Date of Submission
Project Advisor 1
Mind the Gap.
Charles Dickens, in writing about his youth, describes a coffee shop in St. Martin's Lane:
I only recollect that it stood near the church, and that in the door there was an oval glass plate with 'COFFEE ROOM' painted on it, addressed towards the street. If I ever find myself in a very different kind of coffee-room now, but where there is such an inscription on glass, and read it backwards on the wrong side, MOOR EEFFOC (as I often used to do then in a dismal reverie), a shock goes through my blood.
Through his inattention, Dickens inadvertently flattens the world and reanimates it. He creates a magical presence in a coffee shop not through any fantastic, otherworldly flight of fancy, but simply through fully realizing what is already present.
In wandering through the New York City transit system this semester, I explored a world which we have been trained not to look at – a world which, first and foremost, is concerned with efficiency and practicality. The subways, train stations, and bus stops all seemingly blend into one another, and for many passengers the experience of travelling has become trite and exhausted. Perhaps because I am an outsider to the city and not a regular commuter, however, I often found being in transit to be comparable to how Dickens must have felt as a small child while sitting in the coffee shop on St. Martin’s Lane. As I travelled, only really half-looking, scenes and images collided and interrupted one another, and it is this sense of Moor Effoc that I hope my photography captures – this slight disorientation by which the world beneath the city seemed to me at once absolutely commonplace, and wonderfully strange.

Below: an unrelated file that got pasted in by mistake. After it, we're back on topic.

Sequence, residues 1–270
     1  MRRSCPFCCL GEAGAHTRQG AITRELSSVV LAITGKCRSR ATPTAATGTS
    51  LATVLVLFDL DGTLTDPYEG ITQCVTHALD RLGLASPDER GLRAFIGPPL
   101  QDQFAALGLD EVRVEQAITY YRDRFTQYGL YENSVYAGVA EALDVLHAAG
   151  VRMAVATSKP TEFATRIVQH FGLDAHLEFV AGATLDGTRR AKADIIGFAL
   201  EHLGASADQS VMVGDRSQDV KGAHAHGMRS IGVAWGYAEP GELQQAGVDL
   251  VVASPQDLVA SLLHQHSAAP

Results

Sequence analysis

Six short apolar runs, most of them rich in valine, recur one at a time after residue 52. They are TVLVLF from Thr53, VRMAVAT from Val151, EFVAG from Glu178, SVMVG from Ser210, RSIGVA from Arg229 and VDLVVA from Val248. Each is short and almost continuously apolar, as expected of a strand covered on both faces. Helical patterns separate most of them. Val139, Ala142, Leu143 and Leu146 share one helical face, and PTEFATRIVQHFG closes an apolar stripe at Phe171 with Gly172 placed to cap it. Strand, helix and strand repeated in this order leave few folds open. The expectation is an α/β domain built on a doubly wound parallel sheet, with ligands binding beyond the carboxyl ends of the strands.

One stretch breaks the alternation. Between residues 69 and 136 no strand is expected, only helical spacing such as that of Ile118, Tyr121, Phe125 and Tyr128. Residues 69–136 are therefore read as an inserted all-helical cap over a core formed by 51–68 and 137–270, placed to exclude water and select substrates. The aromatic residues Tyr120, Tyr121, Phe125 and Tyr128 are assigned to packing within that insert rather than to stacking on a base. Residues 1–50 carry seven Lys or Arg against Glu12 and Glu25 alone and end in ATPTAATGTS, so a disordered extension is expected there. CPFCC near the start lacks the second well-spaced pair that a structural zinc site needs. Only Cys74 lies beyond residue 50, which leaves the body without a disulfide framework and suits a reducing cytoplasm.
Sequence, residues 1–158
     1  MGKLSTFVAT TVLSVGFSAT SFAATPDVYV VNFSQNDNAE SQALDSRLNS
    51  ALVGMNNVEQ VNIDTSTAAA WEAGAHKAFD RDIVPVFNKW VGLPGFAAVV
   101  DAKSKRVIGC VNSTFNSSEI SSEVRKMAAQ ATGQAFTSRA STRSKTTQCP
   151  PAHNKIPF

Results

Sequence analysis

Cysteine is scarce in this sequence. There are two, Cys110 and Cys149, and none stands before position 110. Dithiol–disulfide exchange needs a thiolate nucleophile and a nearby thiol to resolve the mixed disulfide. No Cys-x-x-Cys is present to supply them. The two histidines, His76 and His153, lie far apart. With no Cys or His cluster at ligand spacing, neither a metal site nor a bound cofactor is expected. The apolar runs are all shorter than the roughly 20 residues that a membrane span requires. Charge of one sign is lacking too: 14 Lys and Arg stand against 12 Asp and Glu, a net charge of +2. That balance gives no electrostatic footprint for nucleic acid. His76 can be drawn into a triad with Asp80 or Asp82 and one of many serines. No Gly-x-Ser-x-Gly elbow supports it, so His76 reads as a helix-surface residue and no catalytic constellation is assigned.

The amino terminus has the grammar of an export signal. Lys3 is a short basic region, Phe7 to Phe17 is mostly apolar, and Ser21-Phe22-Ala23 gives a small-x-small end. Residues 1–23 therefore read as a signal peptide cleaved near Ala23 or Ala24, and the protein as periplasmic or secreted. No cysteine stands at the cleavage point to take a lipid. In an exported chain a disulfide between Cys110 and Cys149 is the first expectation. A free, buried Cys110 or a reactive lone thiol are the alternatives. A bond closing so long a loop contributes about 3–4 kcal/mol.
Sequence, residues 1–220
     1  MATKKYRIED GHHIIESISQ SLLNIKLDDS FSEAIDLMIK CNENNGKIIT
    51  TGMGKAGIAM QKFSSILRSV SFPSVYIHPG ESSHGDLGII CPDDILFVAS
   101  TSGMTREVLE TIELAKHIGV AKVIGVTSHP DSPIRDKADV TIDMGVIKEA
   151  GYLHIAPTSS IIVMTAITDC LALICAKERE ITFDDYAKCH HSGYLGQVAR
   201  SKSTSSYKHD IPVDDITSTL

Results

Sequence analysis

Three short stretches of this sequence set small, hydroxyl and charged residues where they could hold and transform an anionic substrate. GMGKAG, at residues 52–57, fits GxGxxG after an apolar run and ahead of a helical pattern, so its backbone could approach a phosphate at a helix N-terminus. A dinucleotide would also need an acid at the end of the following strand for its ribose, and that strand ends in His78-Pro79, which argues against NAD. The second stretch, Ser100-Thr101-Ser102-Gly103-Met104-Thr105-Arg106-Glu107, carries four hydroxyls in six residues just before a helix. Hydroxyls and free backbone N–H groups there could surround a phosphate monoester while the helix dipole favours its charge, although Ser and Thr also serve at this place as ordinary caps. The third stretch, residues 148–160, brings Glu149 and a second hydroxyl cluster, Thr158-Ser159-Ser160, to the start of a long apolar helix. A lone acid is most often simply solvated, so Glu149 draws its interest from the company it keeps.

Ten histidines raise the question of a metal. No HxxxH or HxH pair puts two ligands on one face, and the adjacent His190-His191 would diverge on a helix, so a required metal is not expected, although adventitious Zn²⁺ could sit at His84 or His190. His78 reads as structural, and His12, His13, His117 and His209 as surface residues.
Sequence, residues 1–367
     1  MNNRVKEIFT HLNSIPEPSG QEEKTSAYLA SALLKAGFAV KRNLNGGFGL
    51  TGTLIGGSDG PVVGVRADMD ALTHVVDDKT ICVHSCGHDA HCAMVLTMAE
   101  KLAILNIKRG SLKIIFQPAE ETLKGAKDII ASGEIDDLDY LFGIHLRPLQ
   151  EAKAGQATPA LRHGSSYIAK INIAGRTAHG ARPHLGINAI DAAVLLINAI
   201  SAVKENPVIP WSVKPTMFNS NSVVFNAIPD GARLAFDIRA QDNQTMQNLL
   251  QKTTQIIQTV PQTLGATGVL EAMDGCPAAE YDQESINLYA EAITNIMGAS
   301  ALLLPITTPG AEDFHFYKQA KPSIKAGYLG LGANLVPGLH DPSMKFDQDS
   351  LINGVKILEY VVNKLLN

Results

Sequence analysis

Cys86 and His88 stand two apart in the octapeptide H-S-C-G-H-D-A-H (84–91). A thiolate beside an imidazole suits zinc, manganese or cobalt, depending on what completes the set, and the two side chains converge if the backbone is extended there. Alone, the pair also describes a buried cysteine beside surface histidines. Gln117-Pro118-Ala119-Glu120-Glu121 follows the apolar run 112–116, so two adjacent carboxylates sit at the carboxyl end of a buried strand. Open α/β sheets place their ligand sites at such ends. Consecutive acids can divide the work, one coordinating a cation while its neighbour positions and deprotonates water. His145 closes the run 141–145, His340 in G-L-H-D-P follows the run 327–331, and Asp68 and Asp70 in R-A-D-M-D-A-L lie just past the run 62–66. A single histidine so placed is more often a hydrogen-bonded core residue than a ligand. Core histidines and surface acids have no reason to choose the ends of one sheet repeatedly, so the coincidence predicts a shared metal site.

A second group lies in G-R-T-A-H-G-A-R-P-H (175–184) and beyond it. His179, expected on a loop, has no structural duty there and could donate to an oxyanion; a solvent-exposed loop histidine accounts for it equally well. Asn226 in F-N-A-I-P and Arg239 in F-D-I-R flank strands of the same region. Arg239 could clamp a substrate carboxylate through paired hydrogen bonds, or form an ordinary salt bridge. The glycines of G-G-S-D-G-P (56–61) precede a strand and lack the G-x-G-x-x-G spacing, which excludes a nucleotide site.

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Patkin, Alexandra, "Mind the Gap." (2012). Senior Projects Spring 2012. 226.
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